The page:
The hostile climate in the office worsened, when a week or so after I returned to work, the New York City Transit Authority went on strike for 4 days, discontinuing bus and train service in all 5 boroughs.  Since I no longer had any sick time left (it was all used up during my maternity leave), I had no choice but to go to work, but that also meant figuring how how to get my infant daughter there as well.  Since many of the day care workers lived in the outer boroughs and it was taking them 2-3 hours to get home each night, one day they had to close the day care early.  Nothing was going on in our office (our patients couldn’t get to their appointments either) so I picked up my daughter early that day and brought her back to my office while I finished up for the day.  She quietly hung out in her car seat while I typed up some last few notes.  Next thing I knew, Veronica stormed into my cubicle screaming at me for once again assuming that the way I was choosing to use our shared space was okay with everyone else.  Suffice it to say, when I finally made it home that night, I cried for quite some time from all the stress this was causing.  I was totally baffled by her strong negative reaction to me and my baby.

My supervisor at the time tried to be as supportive as he could.  He was in a tough place because he was both mine and Veronica’s supervisor and although he knew that she was being unreasonable, he didn’t really know how to handle the situation.  As far as Veronica was concerned, I could use one of the exam rooms that were constantly in use for patient care and would never have provided any privacy.  The hospital knew that they were required to provide me a non bathroom space to pump in (although I did end up pumping in the bathroom at least once), but their solution was for me to make a 20 minute trek over to the NICU pumping room each time I needed to pump.  This would not have allowed me to do my job.  In the end, I was lucky enough to be able to move into a former supervisor’s private office where I could both work and pump for the remainder of my time at work.  Veronica and I never spoke again and the entire practice was divided among whose “side” they were on as a result of the entire situation.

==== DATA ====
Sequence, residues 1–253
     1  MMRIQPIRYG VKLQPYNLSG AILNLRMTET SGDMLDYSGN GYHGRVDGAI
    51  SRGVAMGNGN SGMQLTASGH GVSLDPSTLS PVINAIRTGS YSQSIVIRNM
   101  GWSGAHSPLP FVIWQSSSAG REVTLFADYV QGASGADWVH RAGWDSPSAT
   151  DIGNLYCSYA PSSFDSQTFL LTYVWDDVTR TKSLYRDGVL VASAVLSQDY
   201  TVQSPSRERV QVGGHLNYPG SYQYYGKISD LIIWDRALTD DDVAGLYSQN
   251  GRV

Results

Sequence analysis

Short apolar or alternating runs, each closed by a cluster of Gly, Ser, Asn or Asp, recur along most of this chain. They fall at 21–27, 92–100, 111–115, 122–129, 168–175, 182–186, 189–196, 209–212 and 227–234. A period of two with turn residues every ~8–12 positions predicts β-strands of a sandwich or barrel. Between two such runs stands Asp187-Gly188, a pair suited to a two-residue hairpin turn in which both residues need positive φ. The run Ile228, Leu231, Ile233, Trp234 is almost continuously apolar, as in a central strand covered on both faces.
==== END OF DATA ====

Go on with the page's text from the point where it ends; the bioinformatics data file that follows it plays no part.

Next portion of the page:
In retrospect, I probably should have approached the situation differently.  Maybe I didn’t take into account how she would feel about it.  Honestly, at the time, I wasn’t really concerned with anyone else other than my baby and how I was going to provide food for her while being away from her for most of the day.  I certainly let my emotions get the best of me and probably seemed like this crazy breastfeeding woman to her, but I didn’t care.  I guess I still don’t.  I know that everyone has their own issues and some people, for whatever reason, are not entirely comfortable with breastfeeding.  As a nursing mom, pumping in order to feed my baby was a logical and natural choice for me.  However, for someone who had had very little exposure to breastfeeding, my decision must have made her feel awkward, uncomfortable, and imposed upon.

If you are returning to work and will be continuing to pump, my advice to you would be to seriously think about the environment you will be returning to and how you can make your very difficult job of pumping at work as easy as possible. In Illinois, your employer is required by law to provide you with a “non bathroom” space in which to pump.  Currently, 24 states have laws related to breastfeeding in the workplace.  Talk to your coworkers.  If they are a group of single 20 and 30 year olds who have not had any experience with breastfeeding moms, be prepared to educate them on all the hard work that moms do to provide the best food for their babies and share some of all the excellent benefits of breastfeeding (like how your baby will be healthier, resulting in you not taking days off to care for a sick child).  You may even make a difference in their decision to someday choose to breastfeed their own baby.